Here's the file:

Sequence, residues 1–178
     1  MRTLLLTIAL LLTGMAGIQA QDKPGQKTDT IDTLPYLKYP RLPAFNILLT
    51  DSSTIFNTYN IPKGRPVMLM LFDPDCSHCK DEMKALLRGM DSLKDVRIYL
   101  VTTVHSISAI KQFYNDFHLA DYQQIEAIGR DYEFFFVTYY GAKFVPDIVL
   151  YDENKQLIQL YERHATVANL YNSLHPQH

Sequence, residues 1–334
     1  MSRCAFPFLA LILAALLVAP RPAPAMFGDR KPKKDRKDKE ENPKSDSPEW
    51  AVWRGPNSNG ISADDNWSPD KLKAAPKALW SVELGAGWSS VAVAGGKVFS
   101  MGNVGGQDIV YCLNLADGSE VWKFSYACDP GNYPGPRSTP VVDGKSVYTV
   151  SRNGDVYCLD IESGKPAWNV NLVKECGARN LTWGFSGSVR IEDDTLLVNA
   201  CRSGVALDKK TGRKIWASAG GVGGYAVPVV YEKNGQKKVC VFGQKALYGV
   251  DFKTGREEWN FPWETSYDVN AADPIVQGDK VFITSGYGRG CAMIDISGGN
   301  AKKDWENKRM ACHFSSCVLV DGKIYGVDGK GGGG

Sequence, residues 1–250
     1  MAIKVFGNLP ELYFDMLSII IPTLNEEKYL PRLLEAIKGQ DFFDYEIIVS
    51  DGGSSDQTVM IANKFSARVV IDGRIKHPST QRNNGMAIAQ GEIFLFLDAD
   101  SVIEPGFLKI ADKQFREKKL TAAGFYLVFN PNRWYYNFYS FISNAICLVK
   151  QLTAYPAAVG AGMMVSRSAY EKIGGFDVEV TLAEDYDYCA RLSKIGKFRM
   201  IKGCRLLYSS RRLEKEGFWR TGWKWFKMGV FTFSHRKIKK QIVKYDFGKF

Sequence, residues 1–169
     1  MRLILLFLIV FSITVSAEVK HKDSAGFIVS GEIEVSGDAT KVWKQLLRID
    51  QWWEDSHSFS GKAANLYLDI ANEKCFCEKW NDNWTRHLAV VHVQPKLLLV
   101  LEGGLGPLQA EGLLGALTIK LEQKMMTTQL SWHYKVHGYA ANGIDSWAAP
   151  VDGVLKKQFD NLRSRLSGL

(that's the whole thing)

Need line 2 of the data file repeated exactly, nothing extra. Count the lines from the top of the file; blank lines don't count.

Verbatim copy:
     1  MRTLLLTIAL LLTGMAGIQA QDKPGQKTDT IDTLPYLKYP RLPAFNILLT